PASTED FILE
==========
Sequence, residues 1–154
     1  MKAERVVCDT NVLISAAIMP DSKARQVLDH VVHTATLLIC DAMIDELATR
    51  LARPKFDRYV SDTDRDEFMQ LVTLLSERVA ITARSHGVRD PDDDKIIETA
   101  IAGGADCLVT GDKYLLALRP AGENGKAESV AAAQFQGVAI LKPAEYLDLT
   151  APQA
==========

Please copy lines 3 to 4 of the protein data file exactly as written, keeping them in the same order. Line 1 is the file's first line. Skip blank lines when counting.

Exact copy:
    51  LARPKFDRYV SDTDRDEFMQ LVTLLSERVA ITARSHGVRD PDDDKIIETA
   101  IAGGADCLVT GDKYLLALRP AGENGKAESV AAAQFQGVAI LKPAEYLDLT